The Castalian Spring, in the ravine between the Phaedriades at Delphi, is where all visitors to Delphi — the contestants in the Pythian Games, and especially pilgrims who came to consult the Delphic Oracle — stopped to wash themselves and quench their thirst; it is also here that the Pythia and the priests cleansed themselves before the oracle-giving process. Finally Roman poets regarded it as a source of poetic inspiration. According to some mythological versions it was here that Apollo killed the monster, Python, who was guarding the spring, and that is why it was considered to be sacred.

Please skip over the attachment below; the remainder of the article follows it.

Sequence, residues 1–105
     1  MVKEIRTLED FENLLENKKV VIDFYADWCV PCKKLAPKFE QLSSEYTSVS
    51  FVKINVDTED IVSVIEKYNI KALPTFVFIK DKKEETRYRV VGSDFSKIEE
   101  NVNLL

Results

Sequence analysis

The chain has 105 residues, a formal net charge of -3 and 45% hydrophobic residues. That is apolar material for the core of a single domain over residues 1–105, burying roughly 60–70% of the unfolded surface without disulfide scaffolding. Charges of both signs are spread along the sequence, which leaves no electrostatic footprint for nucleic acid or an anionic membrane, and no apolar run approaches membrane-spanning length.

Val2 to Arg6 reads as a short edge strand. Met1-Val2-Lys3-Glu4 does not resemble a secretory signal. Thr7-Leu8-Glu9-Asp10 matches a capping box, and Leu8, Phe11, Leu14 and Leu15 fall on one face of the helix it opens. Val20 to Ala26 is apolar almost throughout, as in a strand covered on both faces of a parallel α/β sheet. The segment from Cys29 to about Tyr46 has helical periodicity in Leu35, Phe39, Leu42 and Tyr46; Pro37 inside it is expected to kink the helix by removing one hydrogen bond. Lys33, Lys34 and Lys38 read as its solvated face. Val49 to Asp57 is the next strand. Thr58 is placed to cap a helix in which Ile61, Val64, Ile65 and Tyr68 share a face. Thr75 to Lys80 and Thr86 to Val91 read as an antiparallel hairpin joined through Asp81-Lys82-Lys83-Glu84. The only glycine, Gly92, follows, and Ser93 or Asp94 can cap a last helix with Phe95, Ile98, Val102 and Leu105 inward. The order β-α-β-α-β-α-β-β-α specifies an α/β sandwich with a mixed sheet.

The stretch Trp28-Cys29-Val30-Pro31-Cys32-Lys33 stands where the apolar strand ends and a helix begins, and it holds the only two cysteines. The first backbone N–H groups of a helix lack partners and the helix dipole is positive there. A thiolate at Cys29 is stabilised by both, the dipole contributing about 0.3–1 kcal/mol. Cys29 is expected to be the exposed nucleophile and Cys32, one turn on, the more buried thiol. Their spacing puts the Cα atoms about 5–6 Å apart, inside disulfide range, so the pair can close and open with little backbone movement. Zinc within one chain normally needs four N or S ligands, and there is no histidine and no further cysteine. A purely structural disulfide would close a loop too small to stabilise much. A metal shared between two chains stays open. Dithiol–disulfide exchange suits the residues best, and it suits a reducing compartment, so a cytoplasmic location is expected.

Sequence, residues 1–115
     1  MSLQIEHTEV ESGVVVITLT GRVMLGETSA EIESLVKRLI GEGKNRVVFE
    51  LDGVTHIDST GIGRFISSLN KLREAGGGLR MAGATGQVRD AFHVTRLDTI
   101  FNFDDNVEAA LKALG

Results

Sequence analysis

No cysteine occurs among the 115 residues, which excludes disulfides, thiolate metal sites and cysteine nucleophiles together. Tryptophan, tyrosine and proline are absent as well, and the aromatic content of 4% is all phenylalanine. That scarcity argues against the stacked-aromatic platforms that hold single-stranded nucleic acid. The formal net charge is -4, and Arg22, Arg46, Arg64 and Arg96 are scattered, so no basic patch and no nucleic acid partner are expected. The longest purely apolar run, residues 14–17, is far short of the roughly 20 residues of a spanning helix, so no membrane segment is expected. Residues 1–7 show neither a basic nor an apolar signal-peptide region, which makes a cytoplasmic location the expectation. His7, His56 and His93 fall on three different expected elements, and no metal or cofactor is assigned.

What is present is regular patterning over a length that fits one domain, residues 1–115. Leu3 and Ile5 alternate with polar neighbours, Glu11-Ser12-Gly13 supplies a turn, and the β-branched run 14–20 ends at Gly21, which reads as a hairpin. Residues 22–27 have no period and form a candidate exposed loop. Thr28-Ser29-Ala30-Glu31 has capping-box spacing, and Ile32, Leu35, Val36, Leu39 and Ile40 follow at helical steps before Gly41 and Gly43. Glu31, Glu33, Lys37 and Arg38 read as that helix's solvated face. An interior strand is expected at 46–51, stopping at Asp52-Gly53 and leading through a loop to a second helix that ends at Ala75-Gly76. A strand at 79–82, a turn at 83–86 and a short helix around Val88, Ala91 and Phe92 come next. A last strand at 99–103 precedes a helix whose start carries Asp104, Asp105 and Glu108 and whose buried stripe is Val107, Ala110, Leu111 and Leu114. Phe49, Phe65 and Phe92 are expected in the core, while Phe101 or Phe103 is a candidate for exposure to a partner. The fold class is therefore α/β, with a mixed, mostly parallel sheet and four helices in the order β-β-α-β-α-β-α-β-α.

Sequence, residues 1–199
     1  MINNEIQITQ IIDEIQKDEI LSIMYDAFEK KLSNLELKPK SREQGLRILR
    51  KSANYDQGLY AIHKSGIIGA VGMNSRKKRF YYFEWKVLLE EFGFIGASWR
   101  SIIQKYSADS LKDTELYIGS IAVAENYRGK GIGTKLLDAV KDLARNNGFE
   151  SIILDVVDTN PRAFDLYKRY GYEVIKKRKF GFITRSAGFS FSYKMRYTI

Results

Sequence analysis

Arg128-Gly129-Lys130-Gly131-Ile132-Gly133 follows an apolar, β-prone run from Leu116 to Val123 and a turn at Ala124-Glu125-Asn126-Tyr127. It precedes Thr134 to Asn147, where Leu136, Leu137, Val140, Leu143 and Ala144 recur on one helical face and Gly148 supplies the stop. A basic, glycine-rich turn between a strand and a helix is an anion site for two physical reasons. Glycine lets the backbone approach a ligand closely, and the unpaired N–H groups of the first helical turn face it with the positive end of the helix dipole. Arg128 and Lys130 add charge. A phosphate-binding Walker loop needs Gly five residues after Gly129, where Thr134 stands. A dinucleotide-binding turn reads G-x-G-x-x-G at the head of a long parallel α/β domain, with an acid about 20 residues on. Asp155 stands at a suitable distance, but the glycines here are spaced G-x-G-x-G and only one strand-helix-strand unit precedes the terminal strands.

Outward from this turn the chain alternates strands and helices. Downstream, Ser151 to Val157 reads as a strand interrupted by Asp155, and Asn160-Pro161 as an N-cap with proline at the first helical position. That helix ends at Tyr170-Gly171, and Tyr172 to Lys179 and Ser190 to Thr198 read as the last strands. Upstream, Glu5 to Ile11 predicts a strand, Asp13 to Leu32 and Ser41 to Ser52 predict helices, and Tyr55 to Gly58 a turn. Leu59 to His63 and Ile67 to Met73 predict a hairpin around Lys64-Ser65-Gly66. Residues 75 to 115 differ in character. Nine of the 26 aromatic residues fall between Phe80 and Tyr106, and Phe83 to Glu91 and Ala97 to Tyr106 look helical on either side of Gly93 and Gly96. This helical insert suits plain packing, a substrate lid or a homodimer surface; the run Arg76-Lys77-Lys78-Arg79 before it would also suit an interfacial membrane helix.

Two fountains, which were fed by the sacred spring, still survive. The archaic 6th century BCE fountain house has a marble-lined basin surrounded by benches. Water was brought here by means of a short and small aqueduct and was distributed by a system of water pipes ending in lion-headed spouts.
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